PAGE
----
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Animal migrations and resource subsidies influence river ecosystem dynamics
March 19, 2018 • 4:00 pm - 5:00 pm
ABS Seminar, Co-hosted with Ecology and Evolutionary Biology
Presented by Dr. Amanda Subalusky, Postdoctoral Associate, Yale University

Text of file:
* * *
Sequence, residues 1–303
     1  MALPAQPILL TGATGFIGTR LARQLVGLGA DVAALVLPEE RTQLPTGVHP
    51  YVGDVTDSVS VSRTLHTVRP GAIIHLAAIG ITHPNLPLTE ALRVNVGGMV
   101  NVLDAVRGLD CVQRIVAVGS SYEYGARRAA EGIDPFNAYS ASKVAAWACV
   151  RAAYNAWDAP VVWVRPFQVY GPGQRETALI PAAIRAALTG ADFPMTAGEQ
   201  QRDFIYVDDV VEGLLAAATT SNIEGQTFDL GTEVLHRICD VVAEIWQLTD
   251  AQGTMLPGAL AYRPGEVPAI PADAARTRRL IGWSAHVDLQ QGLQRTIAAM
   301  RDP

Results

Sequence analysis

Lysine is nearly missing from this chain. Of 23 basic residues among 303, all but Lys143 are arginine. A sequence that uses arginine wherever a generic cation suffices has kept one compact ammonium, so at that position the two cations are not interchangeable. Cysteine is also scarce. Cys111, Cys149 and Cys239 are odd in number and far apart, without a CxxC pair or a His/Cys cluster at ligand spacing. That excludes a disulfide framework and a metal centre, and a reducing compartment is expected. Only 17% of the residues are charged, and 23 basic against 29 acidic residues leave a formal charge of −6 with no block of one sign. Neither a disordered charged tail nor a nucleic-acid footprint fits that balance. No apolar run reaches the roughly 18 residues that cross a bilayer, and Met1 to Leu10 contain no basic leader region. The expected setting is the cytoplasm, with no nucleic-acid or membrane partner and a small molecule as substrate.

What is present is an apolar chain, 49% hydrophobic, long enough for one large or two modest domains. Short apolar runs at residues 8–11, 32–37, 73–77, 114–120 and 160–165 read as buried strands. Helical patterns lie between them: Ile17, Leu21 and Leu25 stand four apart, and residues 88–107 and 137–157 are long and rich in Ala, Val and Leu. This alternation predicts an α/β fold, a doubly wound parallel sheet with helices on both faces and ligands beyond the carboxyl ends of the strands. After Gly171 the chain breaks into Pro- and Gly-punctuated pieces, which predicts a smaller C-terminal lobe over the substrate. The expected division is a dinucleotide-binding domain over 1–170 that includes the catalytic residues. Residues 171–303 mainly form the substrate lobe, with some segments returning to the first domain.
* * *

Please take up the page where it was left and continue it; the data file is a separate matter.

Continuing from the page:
Animal migrations can play an important role in moving resources across ecosystem boundaries, and these resource subsidies can strongly influence food web structure and ecosystem function. In the Mara River, East Africa, large animal migrations provide substantial portions of the river’s carbon and nutrient budget through resource subsidies from the surrounding savanna grasslands. The river’s population of over 4,000 hippos contribute 13,200 tons of dung to the river every year through daily feeding migrations. The largest remaining overland migration of ~1.3 million wildebeest contribute 1,100 tons of carcass biomass through seasonal mass drownings during annual reproductive migrations. These inputs interact differently with river discharge to have important and complex impacts on the river. Hippo dung deposits on the river bottom during low flows, driving high rates of ecosystem respiration and providing an important resource to the river food web. Wildebeest carcasses have minor effects on river metabolism, but they provide an important resource to the river food web that persists for years through the slow decomposition of bones. Research in this system highlights some of the under-appreciated influences of animal migrations on river ecosystems.